From the Center For Democracy & Technology:
The Center for Democracy & Technology (CDT) has joined our colleagues at the ACLU Foundation and the ACLU Foundation of Georgia in filing an amicus brief in Code Revision Commission v. Public.Resource.Org. The brief calls on the U.S. Court of Appeals for the 11th Circuit to preserve equal access to justice by upholding established precedent that bars the state from copyrighting its laws. We are joined on the brief by the Southern Poverty Law Center and the Georgia Coalition for the People’s Agenda.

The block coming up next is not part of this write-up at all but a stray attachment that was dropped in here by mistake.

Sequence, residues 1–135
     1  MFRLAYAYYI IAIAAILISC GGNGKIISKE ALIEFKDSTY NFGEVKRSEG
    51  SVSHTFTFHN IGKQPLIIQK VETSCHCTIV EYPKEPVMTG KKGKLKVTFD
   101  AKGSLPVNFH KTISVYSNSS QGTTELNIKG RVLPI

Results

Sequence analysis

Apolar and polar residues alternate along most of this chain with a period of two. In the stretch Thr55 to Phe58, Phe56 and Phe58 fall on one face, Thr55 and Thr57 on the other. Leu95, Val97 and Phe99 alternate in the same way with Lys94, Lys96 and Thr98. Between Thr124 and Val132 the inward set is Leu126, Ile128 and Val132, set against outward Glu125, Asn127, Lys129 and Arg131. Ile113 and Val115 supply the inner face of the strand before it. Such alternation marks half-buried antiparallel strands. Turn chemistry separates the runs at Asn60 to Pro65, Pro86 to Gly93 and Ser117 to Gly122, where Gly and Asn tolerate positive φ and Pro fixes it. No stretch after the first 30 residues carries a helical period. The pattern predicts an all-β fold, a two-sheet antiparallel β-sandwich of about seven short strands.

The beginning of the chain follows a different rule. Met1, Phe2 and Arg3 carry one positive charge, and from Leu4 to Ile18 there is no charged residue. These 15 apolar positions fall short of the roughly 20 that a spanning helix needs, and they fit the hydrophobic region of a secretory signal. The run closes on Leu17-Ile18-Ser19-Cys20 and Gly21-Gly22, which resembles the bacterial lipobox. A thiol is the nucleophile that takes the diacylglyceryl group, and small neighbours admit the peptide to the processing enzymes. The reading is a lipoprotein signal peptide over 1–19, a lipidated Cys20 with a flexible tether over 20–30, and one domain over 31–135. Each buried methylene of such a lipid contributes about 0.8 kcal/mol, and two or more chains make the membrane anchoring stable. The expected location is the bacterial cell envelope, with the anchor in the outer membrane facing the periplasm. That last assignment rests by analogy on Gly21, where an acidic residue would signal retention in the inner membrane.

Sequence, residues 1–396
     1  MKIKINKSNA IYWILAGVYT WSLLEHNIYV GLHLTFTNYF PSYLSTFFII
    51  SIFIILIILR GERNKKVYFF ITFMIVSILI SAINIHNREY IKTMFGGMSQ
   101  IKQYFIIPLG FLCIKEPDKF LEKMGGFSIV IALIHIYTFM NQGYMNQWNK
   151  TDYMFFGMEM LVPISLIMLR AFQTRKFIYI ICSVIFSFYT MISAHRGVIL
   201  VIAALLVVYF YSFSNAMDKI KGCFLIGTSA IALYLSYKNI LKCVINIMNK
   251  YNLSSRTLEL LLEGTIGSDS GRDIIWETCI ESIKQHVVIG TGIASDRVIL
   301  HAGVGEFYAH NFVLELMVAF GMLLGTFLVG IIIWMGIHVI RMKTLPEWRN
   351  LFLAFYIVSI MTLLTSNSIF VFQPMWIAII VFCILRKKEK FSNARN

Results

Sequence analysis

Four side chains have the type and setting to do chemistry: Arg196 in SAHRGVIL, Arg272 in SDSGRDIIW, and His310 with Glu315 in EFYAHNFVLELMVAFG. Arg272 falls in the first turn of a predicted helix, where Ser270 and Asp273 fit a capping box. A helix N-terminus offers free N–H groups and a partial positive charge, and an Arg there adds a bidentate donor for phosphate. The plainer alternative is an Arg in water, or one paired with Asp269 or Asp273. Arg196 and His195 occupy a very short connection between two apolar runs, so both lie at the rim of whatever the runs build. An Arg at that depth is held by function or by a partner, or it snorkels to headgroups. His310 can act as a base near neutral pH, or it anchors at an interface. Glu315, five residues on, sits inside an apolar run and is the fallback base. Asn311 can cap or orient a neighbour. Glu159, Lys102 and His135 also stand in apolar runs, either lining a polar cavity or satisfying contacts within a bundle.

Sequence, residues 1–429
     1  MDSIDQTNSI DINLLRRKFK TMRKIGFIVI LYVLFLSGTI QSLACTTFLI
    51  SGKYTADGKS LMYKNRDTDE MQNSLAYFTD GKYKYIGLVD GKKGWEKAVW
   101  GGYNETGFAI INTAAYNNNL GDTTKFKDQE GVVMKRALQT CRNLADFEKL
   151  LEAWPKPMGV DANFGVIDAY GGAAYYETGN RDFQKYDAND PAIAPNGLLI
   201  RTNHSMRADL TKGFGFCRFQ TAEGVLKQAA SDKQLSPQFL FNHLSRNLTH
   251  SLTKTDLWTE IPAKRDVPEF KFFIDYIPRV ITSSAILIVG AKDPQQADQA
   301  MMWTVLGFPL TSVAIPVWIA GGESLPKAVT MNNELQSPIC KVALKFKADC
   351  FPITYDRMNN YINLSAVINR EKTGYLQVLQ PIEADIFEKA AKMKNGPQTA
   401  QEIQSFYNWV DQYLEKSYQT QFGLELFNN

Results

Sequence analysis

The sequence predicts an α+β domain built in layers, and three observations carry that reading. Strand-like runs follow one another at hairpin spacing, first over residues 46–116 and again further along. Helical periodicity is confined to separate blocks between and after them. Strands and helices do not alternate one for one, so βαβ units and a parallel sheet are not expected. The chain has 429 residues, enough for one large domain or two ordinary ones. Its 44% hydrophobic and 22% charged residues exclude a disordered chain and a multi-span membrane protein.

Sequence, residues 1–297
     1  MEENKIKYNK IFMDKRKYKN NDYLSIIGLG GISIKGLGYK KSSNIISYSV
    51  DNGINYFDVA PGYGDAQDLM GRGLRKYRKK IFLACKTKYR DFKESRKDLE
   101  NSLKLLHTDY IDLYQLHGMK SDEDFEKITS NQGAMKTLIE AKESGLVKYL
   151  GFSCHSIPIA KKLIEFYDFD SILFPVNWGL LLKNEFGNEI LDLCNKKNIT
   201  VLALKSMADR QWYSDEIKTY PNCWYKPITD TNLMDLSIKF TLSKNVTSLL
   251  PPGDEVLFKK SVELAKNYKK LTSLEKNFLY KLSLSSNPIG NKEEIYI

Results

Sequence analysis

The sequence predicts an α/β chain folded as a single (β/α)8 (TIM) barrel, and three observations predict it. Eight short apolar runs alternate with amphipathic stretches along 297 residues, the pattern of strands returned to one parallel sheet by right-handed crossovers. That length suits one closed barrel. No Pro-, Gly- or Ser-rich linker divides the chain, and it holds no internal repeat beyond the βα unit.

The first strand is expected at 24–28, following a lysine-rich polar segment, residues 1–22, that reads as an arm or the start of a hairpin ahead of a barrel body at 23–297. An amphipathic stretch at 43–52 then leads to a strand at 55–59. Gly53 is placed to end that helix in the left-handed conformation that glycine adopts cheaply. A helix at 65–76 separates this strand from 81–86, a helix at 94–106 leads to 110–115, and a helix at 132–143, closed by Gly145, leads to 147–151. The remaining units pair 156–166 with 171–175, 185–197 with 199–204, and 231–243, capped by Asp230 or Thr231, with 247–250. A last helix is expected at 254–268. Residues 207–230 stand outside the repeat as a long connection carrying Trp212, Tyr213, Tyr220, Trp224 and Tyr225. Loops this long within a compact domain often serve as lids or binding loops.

The case is shaped by the unique circumstances under which the state of Georgia publishes its official state legal code, known as the Official Code of Georgia Annotated (OCGA). The state publishes only an annotated version of its state law, which serves as the legal code that state agencies, courts, and lawmakers rely upon and cite to. Georgia claims that because the OCGA contains annotations, it transforms the code into a copyrightable work that can be sold for profit. As a result, to gain access to the official version of the laws that govern them, Georgians can do so only after ordering it from a legal publisher for $395, not including shipping and tax.
Read the Complete Blog Post